And we'll see.

HANNITY: For the latest year that I've seen numbers for which is 2006, the bottom 50 percent of wage earners only pay 2.9 percent of the federal tax bill. The top 10 percent pay nearly 70 percent of the bill. The richest one percent paid nearly 40 percent of the bill. And so we already have redistribution. We already are spreading the wealth around. At what point do those people that have money say forget it, I'm not going to invest anymore or I'm going to take my money overseas?

RYAN: That's the whole point. The more you tax somebody on their next dollar, the less likely they're going to go and work for it, the less likely they are going to take risks. We need people to take risks. We need people to start small businesses. We need entrepreneurs to come up with new ideas. If we say to them we're going to raise the hurdle rate, we're going to make it harder for you to achieve that success, there's going to be less success in this country.

The president and Democrats in Congress are doing a very good job of playing the class warfare card. Playing on people's emotions and fear and envy. It may be good politics but it's really bad economics. It demoralizes the successful small businesses that are out there, and it hurts those people who want to become successful small business people. So the problem is...

HANNITY: What — finish your thought.

RYAN: The problem is when we're saying that we have to hit the rich, soak the rich, we're already soaking the rich. The problem is the people who pay these taxes are the small businesses. Seventy percent of our jobs come from these small businesses, and when we demagogue them and we demonize them, we're going to hurt our chances of having more of them, and that means we're not going to have as many jobs.

HANNITY: You talk about the demonizing, this has become a mantra, tax cuts for the wealthy, Republicans don't care about the poor. They've been very effective in their bumper stickers and slogans and propaganda. How do you convince people that this benefits everybody, that you're going to let people or incentivize people and give people back more of their money, how do you say that that helps everybody in America when the Democrats are out there saying you don't care about the poor which I know is a lie, but what's the answer?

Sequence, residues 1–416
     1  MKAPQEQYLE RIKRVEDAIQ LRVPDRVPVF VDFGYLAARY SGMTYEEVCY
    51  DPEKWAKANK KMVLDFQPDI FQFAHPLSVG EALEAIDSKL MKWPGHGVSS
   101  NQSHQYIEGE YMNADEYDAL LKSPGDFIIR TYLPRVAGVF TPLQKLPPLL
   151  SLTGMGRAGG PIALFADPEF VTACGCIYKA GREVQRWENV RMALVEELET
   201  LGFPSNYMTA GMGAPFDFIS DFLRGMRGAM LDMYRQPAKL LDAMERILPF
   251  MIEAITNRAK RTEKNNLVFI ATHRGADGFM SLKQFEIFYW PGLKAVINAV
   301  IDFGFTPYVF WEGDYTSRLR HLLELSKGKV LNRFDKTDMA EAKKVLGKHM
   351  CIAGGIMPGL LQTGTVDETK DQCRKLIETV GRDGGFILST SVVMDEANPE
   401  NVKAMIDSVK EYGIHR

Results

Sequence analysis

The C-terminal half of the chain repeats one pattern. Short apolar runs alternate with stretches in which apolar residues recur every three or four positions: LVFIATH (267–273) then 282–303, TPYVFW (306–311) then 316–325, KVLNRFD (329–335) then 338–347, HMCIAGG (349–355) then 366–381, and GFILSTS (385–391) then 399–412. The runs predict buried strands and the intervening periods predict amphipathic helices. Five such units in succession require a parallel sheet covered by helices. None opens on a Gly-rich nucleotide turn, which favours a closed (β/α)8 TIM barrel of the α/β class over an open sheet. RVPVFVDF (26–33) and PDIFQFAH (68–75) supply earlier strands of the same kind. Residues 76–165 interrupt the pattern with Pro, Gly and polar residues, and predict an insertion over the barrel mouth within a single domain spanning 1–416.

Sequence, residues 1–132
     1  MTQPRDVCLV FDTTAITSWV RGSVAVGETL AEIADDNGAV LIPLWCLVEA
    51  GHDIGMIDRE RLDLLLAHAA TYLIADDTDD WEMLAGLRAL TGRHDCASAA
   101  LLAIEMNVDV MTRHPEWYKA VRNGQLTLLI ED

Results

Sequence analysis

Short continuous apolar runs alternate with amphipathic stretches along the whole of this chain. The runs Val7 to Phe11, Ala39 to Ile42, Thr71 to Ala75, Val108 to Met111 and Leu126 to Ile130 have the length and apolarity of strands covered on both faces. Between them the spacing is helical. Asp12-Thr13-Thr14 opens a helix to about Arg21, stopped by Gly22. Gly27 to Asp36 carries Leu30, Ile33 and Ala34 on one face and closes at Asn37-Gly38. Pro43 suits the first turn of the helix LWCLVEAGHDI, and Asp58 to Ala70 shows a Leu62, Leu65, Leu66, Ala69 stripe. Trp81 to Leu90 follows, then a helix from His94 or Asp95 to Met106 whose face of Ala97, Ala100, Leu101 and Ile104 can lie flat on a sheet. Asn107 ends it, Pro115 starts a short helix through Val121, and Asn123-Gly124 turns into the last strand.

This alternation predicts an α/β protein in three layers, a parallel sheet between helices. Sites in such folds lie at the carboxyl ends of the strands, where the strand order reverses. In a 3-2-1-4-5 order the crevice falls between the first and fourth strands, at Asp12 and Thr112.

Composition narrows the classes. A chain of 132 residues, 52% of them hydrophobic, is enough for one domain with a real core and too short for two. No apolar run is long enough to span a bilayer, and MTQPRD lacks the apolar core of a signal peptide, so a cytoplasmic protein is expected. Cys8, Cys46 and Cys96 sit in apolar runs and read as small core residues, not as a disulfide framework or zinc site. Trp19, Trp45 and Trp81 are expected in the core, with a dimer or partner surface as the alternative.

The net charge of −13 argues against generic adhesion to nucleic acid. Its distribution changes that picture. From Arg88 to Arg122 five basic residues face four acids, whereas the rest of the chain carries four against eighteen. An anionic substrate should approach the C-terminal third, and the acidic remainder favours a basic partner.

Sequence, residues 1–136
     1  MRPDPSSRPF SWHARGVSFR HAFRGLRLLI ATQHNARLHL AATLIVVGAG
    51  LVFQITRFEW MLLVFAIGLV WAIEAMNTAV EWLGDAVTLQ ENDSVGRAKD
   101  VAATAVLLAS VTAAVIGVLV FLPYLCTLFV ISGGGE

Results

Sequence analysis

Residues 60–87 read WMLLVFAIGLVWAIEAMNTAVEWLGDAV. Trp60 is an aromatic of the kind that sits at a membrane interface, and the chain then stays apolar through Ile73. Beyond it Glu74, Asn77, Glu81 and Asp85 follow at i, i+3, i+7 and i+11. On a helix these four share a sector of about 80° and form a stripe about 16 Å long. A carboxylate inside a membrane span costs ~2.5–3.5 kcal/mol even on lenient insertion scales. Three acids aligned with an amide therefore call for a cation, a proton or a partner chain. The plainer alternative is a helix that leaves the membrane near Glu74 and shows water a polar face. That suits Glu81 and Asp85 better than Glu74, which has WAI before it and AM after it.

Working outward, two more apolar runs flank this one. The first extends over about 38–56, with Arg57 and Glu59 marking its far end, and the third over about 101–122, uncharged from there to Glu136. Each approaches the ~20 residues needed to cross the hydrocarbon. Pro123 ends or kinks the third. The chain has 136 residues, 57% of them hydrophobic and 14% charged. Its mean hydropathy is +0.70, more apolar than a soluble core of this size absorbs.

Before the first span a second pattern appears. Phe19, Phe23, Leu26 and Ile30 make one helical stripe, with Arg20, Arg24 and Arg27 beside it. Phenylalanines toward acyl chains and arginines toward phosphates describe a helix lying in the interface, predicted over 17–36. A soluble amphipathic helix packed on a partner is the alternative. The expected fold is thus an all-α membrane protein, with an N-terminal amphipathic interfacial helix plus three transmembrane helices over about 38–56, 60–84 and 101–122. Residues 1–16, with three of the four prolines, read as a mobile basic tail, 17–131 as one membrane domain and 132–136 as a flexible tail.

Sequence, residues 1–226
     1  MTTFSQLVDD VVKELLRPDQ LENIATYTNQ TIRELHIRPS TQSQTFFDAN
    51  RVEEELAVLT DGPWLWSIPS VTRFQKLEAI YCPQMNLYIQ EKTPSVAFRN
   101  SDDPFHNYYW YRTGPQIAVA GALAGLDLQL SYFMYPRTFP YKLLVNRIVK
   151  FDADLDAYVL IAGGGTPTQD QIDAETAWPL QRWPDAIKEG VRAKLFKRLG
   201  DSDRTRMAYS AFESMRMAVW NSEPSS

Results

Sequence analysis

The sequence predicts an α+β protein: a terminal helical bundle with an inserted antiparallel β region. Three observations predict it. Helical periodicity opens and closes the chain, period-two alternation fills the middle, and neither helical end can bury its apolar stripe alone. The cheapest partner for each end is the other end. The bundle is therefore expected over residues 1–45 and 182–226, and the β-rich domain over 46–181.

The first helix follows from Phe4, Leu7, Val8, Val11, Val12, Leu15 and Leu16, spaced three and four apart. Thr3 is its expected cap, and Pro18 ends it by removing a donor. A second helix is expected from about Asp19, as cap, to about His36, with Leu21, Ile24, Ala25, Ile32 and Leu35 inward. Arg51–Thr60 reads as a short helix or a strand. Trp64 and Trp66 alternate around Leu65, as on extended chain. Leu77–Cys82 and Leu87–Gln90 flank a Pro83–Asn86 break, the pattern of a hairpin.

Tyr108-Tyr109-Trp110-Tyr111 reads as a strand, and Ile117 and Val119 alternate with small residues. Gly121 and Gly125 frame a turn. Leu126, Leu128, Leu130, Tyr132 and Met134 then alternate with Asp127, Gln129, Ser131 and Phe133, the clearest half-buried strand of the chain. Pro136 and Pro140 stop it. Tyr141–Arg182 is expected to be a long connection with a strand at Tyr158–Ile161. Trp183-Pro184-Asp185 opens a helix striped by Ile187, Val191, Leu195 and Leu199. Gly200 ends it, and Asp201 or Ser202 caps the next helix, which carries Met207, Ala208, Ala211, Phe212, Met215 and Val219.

RYAN: Well, look, what we're proposing is we're going to give taxpayers a choice. You can have the current tax code with all of its loopholes, bells and whistles, or if you want a simplified system that fits on a postcard, two rates, 10 percent and 25 percent, it's progressive, generous and personal standard exemptions, but no other loopholes and exemptions you can have this simplified system. It fits on a postcard. We're giving the taxpayer the choice. Which system do they want? The one with all the loopholes and deductions or the simplified system with the lower tax rates?

HANNITY: The only way that this is politically viable is if Republicans get control of Congress. Look, I like this. The current system is too complicated, there's too many loopholes. You're keeping it really, really simple, 10 percent on joint filers with incomes of $100,000 25 percent on income beyond that. Alternative minimum tax eliminated. Eliminate taxation on capital gains and dividends. I think that would jump-start and put a jolt in the economy, economic growth, but the only way this is really going to happen is if you guys win in 2010, so there's a political component, and so you've got to educate people in the process.

RYAN: You can't win unless you have an agenda to run on. You can't win unless you show the American people we have a pathway for keeping America's prosperity, and the one thing we need to stop before we win is to prevent these massive tax increases on our savings, these massive tax increases on our small businesses from occurring, because that's going to hurt our prosperity, it's going to hurt our jobs, and it's going to cause us to borrow even more money.

We have never seen this kind of borrowing. It's going to hurt our currency, it's going to hurt the next generation, we want to grow our economy, so we're going to stop the tax increases first, and they we need to reform our tax code to make it easier for us to create more jobs in America.

HANNITY: Are Republicans willing to stop the earmark spending? Can Republicans at least put out a piece of paper and pressure Republicans — I'd like to see a new contract, and item number one is national security, item number three is energy independence, item number two is fiscal responsibility, and every Republican pledged not to accept a penny in earmarks.

RYAN: I'm one of those Republicans.

HANNITY: I know you are. But for those Republicans that maybe are wavering, we'll let everybody know where they stand. Is that a good idea?

RYAN: I agree with you. That is a good idea. It's an idea I've been pushing in our conference. Our Republican budget has energy independence, tax reform, it cuts our deficits, it cuts our debt, and it proposes an earmark moratorium as well.